Perhaps having the engine handle some of the front wheel braking is making the rears function in light mode?

Much appreciated,


DJ
 

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The bias mentioned is not a static bias. The rear are only given more juice under light braking.

So when your shaving a little speed off on the freeway or any other light braking instance, it's heavy rears... once you step in it, the front's do most of the work.

Any car with ABS is going to have this feature. It's there to keep the squatting to a minimum... that's it.

If you're going thru rears quickly, you are most likely a gentle driver that spends alot of time on the freeway or in traffic.
Wow. That's really useful information.
 

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Thanks Pass-Variant,

Undedrstood, is there any influence from heel-toe down shifts when braking that would compound the issue you noted above? I don't consider myself a light driver, smooth maybe, but light I think would not apply.

Perhaps having the engine handle some of the front wheel braking is making the rears function in light mode?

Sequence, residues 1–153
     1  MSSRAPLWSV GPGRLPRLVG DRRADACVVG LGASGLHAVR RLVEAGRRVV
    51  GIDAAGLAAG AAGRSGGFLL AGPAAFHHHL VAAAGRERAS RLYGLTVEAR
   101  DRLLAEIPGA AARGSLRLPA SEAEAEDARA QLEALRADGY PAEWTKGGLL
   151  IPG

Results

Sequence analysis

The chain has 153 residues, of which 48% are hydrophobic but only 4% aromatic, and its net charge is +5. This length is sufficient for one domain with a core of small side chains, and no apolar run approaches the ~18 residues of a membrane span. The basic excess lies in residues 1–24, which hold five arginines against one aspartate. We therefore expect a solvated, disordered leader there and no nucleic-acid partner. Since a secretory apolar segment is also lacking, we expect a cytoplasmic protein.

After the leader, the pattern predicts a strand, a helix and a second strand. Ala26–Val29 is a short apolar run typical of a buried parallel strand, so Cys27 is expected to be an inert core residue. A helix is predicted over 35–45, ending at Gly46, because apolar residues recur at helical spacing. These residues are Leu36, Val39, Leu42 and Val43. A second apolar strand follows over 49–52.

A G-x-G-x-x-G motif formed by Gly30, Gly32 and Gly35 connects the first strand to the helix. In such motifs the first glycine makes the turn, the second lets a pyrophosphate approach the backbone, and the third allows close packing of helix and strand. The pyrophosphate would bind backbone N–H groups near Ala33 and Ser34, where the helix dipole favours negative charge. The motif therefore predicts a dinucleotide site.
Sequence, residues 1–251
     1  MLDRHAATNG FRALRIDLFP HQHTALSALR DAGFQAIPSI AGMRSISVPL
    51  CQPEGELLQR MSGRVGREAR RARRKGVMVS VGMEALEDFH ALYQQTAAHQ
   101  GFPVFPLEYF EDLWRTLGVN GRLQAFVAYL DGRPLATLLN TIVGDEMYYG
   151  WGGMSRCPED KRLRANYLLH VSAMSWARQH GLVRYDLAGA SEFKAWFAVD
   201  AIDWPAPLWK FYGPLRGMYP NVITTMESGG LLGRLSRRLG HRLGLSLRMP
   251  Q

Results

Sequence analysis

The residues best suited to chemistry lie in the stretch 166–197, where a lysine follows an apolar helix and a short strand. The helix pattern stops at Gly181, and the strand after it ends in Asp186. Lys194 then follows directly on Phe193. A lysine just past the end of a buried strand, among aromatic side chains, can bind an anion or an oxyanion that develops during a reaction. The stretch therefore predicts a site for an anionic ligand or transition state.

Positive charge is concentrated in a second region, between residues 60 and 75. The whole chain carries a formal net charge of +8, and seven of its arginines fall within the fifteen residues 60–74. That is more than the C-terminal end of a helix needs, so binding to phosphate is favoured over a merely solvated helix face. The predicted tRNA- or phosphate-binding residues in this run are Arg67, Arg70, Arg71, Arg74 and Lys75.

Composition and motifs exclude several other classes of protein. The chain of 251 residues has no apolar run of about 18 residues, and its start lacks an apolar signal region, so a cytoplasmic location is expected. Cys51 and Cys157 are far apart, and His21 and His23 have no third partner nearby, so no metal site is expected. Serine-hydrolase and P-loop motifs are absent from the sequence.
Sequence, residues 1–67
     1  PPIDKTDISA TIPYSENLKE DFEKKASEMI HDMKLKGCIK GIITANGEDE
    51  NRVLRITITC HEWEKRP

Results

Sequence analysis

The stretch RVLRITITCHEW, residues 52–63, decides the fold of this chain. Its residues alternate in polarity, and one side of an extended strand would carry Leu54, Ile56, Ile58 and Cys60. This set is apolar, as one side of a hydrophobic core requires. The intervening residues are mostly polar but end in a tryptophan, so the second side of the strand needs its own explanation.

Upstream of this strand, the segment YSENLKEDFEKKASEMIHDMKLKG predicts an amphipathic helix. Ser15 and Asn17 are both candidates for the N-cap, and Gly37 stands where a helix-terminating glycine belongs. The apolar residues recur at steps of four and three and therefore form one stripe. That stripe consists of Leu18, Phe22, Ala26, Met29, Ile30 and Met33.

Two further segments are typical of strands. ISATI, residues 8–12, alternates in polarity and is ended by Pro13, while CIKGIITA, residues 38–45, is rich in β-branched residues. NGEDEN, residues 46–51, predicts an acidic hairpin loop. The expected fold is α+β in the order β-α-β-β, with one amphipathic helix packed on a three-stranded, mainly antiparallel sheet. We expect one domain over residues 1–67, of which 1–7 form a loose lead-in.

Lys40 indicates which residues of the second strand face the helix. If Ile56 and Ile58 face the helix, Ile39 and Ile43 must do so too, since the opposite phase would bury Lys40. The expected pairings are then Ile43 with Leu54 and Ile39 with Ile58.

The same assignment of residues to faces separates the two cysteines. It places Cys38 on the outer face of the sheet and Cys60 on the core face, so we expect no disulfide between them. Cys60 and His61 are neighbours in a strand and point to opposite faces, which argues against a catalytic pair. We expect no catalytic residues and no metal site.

Much appreciated,


DJ
There's no perhaps about it. If you're using the engine to slow down, then you don't need to step on the brakes as hard, and the pressure-sensitive bias that pass-variant mentioned is going to make your rear rotors do most of the work and wear out faster.
 

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I learned about this on a 1995 Accord I had. I brought it in for a check and they said the rear rotors and pads needed replacement (25k miles). I couldn' believe it. I said that it bust be a stuck caliper, and he said, no, all 4 pads are worn evenly, and explained why.